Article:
Thirty-seven years ago, Virginia opened a prison in Buckingham County – a place designed to hold 640 men, but today the population is nearly double, and without air conditioning residents say the building is like an oven. “This concrete heats up," says an inmate we'll call Dex. (He asked to remain anonymous.) "It stays hot pretty much until fall. It doesn’t cool down.”


VIRGINIA LOOKS TO NEW YORK GREEN BANK FOR POSSIBLE CLEAN ENERGY FINANCING

By ELIZABETH MCGOWAN, Energy News Network

Virginia’s energy office is exploring whether to align the state with a billion-dollar New York clean energy financing program. The New York Green Bank is one of 14 green banks nationally. The programs blend public, commercial and philanthropic money to fund projects as diverse as solar, energy efficiency, battery storage and green transportation.


VIRGINIA’S CAPITOL COMPLEX TAKES MEASURES TO TIGHTEN SECURITY

By SARA MCCLOSKEY, WRIC

Following the mass shooting at a Virginia Beach municipal building, more steps are being taken to heighten security around Virginia’s Capitol complex. ​​ At an active shooter training session organized by the Virginia Division of Capitol Police for state employees in June, many workers brought up concerns about limited security in their offices. ​​


SCC SCHEDULES HEARING OVER SURPRISE MEDICAL BILLS

By LUANNE RIFE, Roanoke Times (Metered Paywall - 10 articles a month)

The State Corporation Commission has scheduled a public hearing on a proposed regulation that would require hospitals to notify non-emergency patients if any of their caregivers are out of their insurer's network.

ECONOMY/BUSINESS


LAWSUIT: NEXUS BOND SCHEME, FEEDS FEED OFF IMMIGRANTS 'LIKE A PARASITE'

By BRAD ZINN, News Leader (Metered Paywall - 5 articles a month)

In a lawsuit labeling Nexus Services Inc. as a company “embracing immigrants only to feed off of them like a parasite,” six people from Central America are suing the Augusta County business for more than $1.5 million, according to paperwork filed in Rockingham County Circuit Court. The lawsuit, among other allegations, claims Nexus fraudulently induces immigrants to enter into long-term contracts that require them to pay exorbitant monthly fees while wearing an electronic GPS ankle monitor.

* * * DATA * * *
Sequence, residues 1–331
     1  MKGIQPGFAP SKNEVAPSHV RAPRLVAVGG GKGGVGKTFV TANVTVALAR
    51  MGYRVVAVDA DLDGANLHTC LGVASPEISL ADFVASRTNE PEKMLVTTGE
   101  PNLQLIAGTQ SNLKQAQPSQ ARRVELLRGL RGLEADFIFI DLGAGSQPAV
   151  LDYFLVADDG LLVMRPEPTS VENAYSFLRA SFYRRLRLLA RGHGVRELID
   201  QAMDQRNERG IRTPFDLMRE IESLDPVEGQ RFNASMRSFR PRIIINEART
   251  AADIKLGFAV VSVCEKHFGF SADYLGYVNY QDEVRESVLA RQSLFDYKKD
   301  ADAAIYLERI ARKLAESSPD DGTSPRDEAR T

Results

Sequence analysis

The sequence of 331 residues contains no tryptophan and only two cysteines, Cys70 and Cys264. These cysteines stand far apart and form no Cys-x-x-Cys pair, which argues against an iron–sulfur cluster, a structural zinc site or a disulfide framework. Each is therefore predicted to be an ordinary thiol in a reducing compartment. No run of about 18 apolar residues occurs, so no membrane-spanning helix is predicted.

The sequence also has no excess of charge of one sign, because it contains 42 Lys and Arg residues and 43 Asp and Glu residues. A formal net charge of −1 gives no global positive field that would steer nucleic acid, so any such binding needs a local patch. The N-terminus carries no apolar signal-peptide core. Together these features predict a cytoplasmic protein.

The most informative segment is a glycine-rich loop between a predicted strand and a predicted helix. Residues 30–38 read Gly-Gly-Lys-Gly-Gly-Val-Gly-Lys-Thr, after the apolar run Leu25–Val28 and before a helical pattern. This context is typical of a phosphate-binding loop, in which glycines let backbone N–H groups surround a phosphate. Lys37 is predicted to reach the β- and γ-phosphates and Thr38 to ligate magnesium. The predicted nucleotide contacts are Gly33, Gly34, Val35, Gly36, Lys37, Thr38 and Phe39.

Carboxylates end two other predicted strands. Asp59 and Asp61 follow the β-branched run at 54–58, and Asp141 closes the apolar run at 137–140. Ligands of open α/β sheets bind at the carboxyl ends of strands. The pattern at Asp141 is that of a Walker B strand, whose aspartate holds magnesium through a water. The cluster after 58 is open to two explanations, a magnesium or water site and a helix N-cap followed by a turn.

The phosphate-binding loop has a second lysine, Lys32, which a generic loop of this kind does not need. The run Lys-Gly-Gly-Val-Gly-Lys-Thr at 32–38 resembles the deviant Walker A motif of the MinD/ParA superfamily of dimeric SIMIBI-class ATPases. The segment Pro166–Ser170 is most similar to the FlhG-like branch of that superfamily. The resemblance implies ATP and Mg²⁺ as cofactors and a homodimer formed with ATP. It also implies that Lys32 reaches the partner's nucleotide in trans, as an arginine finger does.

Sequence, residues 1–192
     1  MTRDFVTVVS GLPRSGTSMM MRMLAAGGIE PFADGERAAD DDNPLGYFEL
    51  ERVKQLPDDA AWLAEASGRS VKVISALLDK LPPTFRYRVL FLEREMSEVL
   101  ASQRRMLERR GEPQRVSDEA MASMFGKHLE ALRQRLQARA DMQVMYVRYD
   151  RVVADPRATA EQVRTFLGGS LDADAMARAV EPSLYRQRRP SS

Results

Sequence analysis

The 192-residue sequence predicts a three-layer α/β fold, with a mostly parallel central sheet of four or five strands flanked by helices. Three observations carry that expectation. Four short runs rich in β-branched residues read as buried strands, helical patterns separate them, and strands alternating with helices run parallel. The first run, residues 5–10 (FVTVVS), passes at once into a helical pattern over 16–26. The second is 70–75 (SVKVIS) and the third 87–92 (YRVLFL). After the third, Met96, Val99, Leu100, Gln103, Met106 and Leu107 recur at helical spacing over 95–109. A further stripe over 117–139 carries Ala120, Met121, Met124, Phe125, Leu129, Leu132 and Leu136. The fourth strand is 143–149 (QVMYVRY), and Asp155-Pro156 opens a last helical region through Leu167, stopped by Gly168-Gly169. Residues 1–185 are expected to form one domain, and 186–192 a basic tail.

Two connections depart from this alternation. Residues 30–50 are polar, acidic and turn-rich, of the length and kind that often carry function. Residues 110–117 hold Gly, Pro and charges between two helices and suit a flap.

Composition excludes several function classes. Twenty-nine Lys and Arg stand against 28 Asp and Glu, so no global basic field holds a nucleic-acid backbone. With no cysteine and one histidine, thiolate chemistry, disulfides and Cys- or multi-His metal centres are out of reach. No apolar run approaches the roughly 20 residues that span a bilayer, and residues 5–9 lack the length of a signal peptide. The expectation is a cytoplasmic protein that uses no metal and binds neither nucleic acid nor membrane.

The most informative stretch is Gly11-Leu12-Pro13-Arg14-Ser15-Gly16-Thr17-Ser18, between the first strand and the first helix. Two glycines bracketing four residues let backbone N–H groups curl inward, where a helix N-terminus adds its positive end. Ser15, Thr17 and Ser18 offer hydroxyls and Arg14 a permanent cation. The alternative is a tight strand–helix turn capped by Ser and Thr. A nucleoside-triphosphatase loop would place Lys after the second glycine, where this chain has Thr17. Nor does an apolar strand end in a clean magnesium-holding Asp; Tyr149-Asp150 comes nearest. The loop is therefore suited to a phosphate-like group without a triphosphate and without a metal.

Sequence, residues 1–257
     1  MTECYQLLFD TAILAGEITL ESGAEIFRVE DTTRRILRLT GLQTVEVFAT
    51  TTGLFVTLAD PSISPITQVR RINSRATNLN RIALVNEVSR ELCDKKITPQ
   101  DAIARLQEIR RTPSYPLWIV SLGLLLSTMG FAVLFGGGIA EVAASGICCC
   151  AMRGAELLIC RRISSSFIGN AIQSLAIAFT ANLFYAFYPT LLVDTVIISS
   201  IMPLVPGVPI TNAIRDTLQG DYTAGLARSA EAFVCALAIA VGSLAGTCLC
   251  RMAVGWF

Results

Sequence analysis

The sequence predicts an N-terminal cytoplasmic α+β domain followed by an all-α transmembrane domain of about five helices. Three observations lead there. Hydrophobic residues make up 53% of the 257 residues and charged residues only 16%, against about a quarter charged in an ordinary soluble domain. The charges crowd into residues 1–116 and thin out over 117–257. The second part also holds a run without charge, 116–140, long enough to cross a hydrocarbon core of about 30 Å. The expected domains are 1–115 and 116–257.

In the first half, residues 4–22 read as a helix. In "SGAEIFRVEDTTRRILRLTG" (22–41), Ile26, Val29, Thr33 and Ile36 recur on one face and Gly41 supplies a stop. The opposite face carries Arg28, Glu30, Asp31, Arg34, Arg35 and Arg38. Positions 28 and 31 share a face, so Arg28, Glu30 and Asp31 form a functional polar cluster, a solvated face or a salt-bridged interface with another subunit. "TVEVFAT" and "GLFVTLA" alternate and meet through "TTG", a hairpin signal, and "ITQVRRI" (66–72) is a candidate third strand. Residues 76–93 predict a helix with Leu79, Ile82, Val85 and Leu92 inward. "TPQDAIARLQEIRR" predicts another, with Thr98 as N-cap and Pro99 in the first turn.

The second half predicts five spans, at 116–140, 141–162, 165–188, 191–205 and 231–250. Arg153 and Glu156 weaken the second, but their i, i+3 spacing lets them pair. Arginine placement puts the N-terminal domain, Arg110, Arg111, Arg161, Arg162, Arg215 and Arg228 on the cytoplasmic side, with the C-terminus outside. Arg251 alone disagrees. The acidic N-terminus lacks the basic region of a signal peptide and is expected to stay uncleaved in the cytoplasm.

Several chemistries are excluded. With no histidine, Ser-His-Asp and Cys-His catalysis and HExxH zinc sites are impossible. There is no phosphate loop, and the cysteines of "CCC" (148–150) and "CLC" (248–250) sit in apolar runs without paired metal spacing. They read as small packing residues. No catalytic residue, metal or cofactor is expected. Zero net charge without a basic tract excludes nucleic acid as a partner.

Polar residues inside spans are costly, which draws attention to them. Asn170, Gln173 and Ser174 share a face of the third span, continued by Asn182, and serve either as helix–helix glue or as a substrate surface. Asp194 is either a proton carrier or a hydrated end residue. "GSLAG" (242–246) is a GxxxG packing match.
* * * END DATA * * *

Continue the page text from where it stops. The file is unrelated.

TRANSPORTATION


BATH OPPOSES I-81 GAS TAX

By MIKE BOLLINGER, Highland Recorder (Subscription required)

An increase in the gasoline tax took effect July 1 for counties on and near the Interstate 81 corridor. Tuesday, the Bath County Board of Supervisors passed a resolution opposing that tax. “We don’t have an interstate; why should our people pay a 7-cent gas tax?” supervisor Stuart Hall said.

HIGHER EDUCATION


CONSERVATIVE ACTIVIST REBUKES VIRGINIA TECH'S 'LEFTIST' FRESHMAN ORIENTATION

By SAM WALL, Roanoke Times (Metered Paywall - 10 articles a month)

A Northern Virginia political activist took to a conservative website to air her grievances regarding the “leftist propaganda” she says she witnessed at her son’s orientation at Virginia Tech. Penny Nance, CEO and president of Concerned Women for America, wrote that she can no longer ignore “the indefensible and discriminatory behavior of the liberal campus bullies ” in her opinion piece “My Son’s Freshman Orientation At Virginia Tech Was Full Of Leftist Propaganda,” published Wednesday in the The Federalist, where she is listed as a contributor.


NEW COLLEGE FOUNDATION TO STATE: $10.5 MILLION IS PRICE FOR BALDWIN BUILDING IN MARTINSVILLE